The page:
8th MARCH 1997

Newsletter March 1997

8th of March, International Women’s Day, is symbolic of the struggles of millions of women all over the world striving for a society free of exploitation and oppression of women. Despite 50 years of Independence, how independent are the women of India today? Although the Constitution guarantees the fundamental right to equality and liberty, women are far from attaining these ideals. Half a century ago, India was declared a secular democracy. But today, women are facing increasing religious fundamentalism. As the country gears up to enter the 21st century, women’s rights are being threatened in a very basic way.

Across the globe, communal and fundamentalist forces are assuming state power. Women are being pushed back into the confines of their homes and conform to notions of societal tradition and custom. But it is not only the Taliban in Afghanistan who, as their very first move, ordered the closure of girls’ schools, forbade women from holding jobs and forced women to wear purdah. It is also Hindu fundamentalists in India who are asserting the ideas of purity and chastity by glorifying the practice and worship of ‘Sati’. The accused in the Roop Kanwar sati case were acquitted because of ‘lack of witnesses’ to an event attended by hundreds of people in Deorala in 1987. The boost fundamentalist forces received was obvious in the way they brazenly held large scale and lavish Sati Mata puja celebrations in Jhunjhunu in Rajasthan and Daryaganj in Delhi. The local administration, by their refusal to take action, were party to these events which are in violation of the Sati Prevention Act. Such State sanction of religious fundamentalist forces also needs to be confronted in the interest of women’s lives and dignity.

The core of these problems lies in the role of institutionalised religion in this male dominated society. The notion of the ‘ideal’ woman as put forth by religious fundamentalists negates women’s potential and promotes the idea of a woman’s place as being only the family and home. The age old personal laws that still govern women’s lives are based on religious laws. All these laws reinforce women’s secondary status in the family and society. None of them accord any equality to women in matters of marriage, divorce, inheritance, custody of children, guardianship or adoption. Neither do they recognise the contribution of women in the family and household.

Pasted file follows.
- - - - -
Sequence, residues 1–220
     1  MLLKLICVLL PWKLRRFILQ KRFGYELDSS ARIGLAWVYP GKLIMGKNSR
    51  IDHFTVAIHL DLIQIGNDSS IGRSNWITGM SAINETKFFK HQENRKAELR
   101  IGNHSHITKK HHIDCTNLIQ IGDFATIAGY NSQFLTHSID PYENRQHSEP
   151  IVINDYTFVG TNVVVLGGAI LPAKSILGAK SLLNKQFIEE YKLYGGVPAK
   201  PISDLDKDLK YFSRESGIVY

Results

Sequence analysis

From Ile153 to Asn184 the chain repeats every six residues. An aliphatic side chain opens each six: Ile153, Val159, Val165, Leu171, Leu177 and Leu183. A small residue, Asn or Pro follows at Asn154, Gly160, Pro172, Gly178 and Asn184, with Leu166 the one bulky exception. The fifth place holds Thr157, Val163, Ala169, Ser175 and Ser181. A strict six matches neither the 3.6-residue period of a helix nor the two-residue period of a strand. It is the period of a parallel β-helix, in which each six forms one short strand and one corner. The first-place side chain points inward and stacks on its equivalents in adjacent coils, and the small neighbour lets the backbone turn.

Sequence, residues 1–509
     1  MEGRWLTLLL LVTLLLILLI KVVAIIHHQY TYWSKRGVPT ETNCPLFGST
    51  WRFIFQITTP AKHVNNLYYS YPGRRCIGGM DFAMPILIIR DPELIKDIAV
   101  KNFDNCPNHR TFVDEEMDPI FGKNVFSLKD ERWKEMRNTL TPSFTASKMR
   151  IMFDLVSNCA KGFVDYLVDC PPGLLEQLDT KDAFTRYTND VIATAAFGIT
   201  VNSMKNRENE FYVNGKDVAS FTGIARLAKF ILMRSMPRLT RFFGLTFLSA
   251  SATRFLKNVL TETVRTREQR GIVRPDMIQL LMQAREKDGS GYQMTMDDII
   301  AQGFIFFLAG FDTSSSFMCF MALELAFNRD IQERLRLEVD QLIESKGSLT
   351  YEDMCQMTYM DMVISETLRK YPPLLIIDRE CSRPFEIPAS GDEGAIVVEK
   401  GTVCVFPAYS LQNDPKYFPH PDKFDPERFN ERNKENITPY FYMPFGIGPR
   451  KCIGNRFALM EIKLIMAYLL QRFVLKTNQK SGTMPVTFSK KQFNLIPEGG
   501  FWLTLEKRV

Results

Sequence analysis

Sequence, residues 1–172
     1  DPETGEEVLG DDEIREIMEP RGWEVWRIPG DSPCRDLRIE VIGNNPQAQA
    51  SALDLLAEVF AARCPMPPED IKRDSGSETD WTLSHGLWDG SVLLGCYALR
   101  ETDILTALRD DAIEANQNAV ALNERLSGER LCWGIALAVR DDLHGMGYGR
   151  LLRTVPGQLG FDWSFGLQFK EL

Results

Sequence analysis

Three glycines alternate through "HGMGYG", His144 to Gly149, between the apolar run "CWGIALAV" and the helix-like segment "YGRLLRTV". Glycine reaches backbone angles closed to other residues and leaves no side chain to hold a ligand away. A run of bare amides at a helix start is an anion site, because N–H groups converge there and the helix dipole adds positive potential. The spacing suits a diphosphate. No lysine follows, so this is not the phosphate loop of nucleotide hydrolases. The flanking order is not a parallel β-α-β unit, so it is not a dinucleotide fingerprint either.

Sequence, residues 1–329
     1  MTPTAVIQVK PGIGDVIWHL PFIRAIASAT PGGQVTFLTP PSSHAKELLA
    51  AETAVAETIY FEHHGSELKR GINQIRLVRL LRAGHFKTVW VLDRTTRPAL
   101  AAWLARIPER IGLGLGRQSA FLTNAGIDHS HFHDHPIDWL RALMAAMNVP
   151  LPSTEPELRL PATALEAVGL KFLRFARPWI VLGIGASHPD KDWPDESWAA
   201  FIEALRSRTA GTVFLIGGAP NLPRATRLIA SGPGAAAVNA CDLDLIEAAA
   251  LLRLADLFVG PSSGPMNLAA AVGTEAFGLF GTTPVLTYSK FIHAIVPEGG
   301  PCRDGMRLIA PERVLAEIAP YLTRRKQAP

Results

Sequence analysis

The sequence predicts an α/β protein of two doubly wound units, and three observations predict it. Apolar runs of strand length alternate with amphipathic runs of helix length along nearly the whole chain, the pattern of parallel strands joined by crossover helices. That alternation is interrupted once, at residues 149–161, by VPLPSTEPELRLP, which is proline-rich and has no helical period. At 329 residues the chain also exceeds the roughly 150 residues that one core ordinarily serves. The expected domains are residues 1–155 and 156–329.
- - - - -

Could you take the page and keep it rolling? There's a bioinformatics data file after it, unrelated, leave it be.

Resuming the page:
Fundamentalists and politicians working hand-in-glove have communalised the issue of women’s demand for equal laws. The Supreme Court has recently declared that no changes in personal laws will be made through the courts, as this is the responsibility of the legislature. However, the United Front government has already stated that it will not make any changes in these laws unless the demand comes from the communities themselves. But as we all know from experience, communities are controlled by male interest and have little concern for women’s rights. Thus it is imperative that women across religious community, caste and class, come together in the common struggle for equal rights.

Each of us can begin this big battle by bringing about some small changes in our day-to-day lives:

    • Encourage the practice of putting the woman’s name on ration card, gas connection, bank deposits, land or houses - if you have any of these assets.

    • Give daughters an equal share in property.

    • Enter the mother’s name on birth certificates, school and other certificates. There is NO law which requires that women should take on their husband’s surname after marriage, or that children can take on only the father’s name.

    • Make yourself and your daughters independent and economically self sufficient.

    • Ensure that household work and child rearing are not the woman’s responsibility alone.

    • Say NO to dowry - for yourself, your daughters and your sons.


Let Us Assert Our Political Solidarity In The Struggle For Women’s Rights.

Let Us Work Towards An Egalitarian Civil Code!